Lucrative exit for Premier Foods' chief is small fry compared to RBS bonus wheeze
Surprise departure of company chief executive chimes with banker bonanza
There’s a history of impatient boards refusing to give chief executives sufficient time to do their jobs, resulting in a rapid turnover of top executives, particularly at ailing companies. Occasionally, it’s the other way round, as in the case of Michael Clarke at Premier Foods, the struggling Mr Kipling cakes to Hovis, Bisto and Oxo group.
After just 18 months at the helm, Clarke has has quit, saying his work there is done. The £750,000 (€876,000) a year chief executive now plans to reward himself for his year and a half’s hard graft by taking his son on a snowboarding holiday and his wife on a beach break.
While Clarke seems mightily pleased with his efforts, the stock market took a rather more dim view of his decision to quit, marking Premier shares down by as much as 12 per cent. There was initially a fear that Clarke might know something the City didn’t and had decided to quit while he was ahead.
The Premier board accompanied news of their chief executive’s surprise departure with the somewhat opaque explanation that he was “potentially considering moving on to pursue other business opportunities”.
What that means, apparently, is that while he has nothing firm lined up yet, he’s received a couple of approaches and sees himself doing a big job in Britain or the US. As he told one reporter: “Now people know that I am available.” After his holidays, of course.
Premier Foods is undeniably in better shape now than when Clarke first arrived from US food giant Kraft in 2011, having cut a large chunk out of costs and lopped several hundred million off the group’s still considerable debt pile via the sale of brands including Branston pickles. But Premier still has a long way to go before it is restored to full financial health.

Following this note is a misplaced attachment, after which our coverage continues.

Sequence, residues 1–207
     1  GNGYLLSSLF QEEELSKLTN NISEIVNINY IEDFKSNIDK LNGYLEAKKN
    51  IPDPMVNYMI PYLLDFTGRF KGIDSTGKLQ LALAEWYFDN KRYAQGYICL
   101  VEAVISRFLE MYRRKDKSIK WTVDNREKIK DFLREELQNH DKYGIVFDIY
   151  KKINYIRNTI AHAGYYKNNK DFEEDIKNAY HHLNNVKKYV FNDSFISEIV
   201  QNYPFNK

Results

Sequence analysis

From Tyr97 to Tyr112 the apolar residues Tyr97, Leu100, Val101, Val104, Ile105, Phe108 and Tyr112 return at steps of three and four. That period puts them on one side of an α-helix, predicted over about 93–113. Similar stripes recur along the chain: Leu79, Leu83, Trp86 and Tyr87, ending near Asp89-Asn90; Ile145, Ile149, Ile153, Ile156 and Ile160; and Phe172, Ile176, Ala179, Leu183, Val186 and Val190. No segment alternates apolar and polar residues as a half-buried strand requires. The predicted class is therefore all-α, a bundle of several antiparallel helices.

Just as boards should show some loyalty to chief executives tasked with turning a business around, so chief executives should show some loyalty to their company, particularly those on £750,000 a year plus £150,000 pension payment. Not to mention the £500,000 or so chunk of his recruitment bonus Clarke is entitled to walk away with.
Any company offering Clarke the top job he so clearly wants might well be advised to consider whether he’ll dump them too should something better come along when the task is still only half done.
The next few weeks are going to be extremely expensive for the bailed-out Royal Bank of Scotland, still 82 per cent- owned by the British taxpayer.
Regulators in the UK and US are close to imposing fines on the bank expected to be in the region of £500 million as punishment for its part in the Libor-rigging scandal. At the same time, it’s bank bonus season again and RBS is preparing to reward its investment bankers – those working in the division responsible for manipulating Libor – with payouts totalling perhaps £250 million. Last year, the bonus pool amounted to almost £400 million and RBS and the government apparently believes that paying out significantly less this time will calm the storm of public protest sparked by the payments a year ago.
Such a belief shows how little the banks have learnt in the years since the financial crisis first struck. The size of bonuses matters, of course, but it is the fact that these payments continue to be made at all – and at a taxpayer-supported bank – that really makes the public seethe. And the timing of the bonus round, just as the bank is hit with massive penalties for rate-rigging, could hardly be worse.
As many as 30,000 jobs have been lost at RBS since the financial crisis started in 2008 and, as the banking unions said: “This is no way to repay the country’s patience,” with ordinary bank workers and taxpayers “paying the price for greed at the tops of RBS”.
The £500 million fines may not be the end of it for RBS either. The US authorities want the bank to plead guilty to criminal charges on Libor-rigging, a move which could leave the bank wide open to costly lawsuits for years to come. Fears over the potential costs of such legal actions meant shares in RBS slumped 6 per cent yesterday, wiping some £2.5 billion from the value of the bank – yet another massive loss for the taxpayer. – (Guardian service)